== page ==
The Wikipedia article of the day for July 16, 2021 is Morningside Park (Manhattan).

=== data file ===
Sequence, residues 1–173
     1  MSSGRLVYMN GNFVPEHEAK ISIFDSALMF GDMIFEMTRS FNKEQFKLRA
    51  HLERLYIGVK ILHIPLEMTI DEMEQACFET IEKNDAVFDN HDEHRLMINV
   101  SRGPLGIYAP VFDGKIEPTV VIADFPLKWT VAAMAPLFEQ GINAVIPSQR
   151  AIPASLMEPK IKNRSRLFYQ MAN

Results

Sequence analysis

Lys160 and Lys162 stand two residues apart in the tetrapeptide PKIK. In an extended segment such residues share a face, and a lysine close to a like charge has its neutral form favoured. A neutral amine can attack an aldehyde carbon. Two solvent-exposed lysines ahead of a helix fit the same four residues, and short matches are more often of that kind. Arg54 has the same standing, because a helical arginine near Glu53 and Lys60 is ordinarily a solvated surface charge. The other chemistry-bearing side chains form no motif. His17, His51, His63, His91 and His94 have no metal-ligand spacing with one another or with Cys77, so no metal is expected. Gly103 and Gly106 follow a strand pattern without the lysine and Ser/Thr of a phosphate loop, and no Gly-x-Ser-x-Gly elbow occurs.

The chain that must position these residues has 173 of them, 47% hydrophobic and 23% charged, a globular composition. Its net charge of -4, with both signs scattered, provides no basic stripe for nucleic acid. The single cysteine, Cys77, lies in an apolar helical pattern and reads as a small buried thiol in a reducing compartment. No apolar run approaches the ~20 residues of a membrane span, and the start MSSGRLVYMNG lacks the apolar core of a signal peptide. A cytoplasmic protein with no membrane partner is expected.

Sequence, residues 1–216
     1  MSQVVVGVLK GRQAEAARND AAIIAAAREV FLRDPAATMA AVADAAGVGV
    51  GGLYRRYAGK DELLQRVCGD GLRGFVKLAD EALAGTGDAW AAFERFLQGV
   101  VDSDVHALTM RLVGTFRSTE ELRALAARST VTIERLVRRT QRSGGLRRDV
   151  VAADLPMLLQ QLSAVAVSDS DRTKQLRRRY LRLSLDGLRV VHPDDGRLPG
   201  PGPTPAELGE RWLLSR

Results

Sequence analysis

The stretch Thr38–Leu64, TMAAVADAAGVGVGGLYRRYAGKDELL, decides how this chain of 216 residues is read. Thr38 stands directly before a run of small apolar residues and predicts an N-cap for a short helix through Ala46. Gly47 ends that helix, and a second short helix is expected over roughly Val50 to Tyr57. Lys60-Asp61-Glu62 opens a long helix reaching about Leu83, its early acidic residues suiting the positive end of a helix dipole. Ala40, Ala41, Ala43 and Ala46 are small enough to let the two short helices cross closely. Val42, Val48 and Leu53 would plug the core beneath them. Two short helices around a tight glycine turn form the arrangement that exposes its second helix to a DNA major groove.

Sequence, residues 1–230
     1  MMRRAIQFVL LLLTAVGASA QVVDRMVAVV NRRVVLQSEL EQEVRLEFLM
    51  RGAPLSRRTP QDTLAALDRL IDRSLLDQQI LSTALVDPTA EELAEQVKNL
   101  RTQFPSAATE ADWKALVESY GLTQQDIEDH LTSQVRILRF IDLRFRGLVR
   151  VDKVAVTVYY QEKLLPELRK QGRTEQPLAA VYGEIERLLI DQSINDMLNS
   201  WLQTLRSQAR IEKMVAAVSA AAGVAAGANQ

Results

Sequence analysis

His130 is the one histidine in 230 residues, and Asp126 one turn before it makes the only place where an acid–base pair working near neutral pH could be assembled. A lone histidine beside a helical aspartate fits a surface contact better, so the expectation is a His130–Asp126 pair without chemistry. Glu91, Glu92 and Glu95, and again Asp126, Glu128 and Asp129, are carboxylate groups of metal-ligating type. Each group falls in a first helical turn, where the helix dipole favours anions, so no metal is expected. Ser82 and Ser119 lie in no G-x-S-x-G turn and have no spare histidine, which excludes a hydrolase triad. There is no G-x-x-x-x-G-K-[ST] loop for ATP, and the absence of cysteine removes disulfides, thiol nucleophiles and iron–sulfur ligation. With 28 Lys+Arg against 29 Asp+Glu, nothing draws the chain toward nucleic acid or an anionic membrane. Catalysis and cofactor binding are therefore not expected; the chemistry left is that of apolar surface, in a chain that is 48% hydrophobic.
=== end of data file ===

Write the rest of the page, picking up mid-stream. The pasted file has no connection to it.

Morningside Park is a 30-acre (12-hectare) public park in Upper Manhattan, New York City. The area, originally known as “Muscota” by the Lenape Native Americans, features a cliff that separates Morningside Heights (to the west) from Harlem. The city commissioned Central Park’s designers Frederick Law Olmsted and Calvert Vaux to produce a design for the park, which they did in 1873. Jacob Wrey Mould was hired to design new plans in 1880, but little progress occurred until Olmsted and Vaux were asked to modify their plans following Mould’s death in 1886. After the park was completed in 1895, three sculptures were installed: Lafayette and Washington, Carl Schurz Memorial, and Alfred Lincoln Seligman Fountain. Columbia University proposed constructing a gym in the park’s southern end in the early 1960s, but abandoned the plan after students protested in 1968. The site of the unbuilt gym was turned into a waterfall and pond around 1990, and an arboretum was added in 1998.